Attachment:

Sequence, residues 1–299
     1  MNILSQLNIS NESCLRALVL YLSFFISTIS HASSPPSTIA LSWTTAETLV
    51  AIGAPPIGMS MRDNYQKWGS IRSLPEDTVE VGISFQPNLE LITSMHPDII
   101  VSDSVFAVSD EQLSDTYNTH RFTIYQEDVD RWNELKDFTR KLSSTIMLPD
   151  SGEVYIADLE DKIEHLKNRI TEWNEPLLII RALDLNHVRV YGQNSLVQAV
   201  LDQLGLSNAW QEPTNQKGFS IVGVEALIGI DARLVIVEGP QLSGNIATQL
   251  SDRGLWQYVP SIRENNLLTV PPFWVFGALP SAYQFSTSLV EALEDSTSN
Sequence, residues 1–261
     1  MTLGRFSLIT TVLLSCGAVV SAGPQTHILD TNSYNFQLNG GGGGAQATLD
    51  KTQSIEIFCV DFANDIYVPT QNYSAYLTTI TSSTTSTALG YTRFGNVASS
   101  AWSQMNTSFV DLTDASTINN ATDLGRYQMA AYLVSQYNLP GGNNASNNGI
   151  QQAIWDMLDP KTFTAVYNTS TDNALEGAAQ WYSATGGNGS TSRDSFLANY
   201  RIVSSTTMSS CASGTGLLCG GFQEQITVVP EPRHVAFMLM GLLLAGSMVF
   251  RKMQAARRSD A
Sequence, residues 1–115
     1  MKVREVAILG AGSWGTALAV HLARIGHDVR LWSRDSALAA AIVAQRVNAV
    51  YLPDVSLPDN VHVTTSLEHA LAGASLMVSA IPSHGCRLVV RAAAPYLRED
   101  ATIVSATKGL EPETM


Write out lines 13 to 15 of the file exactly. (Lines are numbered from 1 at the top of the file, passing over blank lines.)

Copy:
   201  RIVSSTTMSS CASGTGLLCG GFQEQITVVP EPRHVAFMLM GLLLAGSMVF
   251  RKMQAARRSD A
Sequence, residues 1–115